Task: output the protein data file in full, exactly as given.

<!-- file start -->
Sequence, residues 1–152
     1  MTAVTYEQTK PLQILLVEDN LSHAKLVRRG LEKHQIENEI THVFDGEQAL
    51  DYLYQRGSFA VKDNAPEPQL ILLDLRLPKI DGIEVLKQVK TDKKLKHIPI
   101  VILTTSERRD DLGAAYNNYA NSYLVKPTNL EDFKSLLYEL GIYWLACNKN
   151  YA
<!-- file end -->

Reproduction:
Sequence, residues 1–152
     1  MTAVTYEQTK PLQILLVEDN LSHAKLVRRG LEKHQIENEI THVFDGEQAL
    51  DYLYQRGSFA VKDNAPEPQL ILLDLRLPKI DGIEVLKQVK TDKKLKHIPI
   101  VILTTSERRD DLGAAYNNYA NSYLVKPTNL EDFKSLLYEL GIYWLACNKN
   151  YA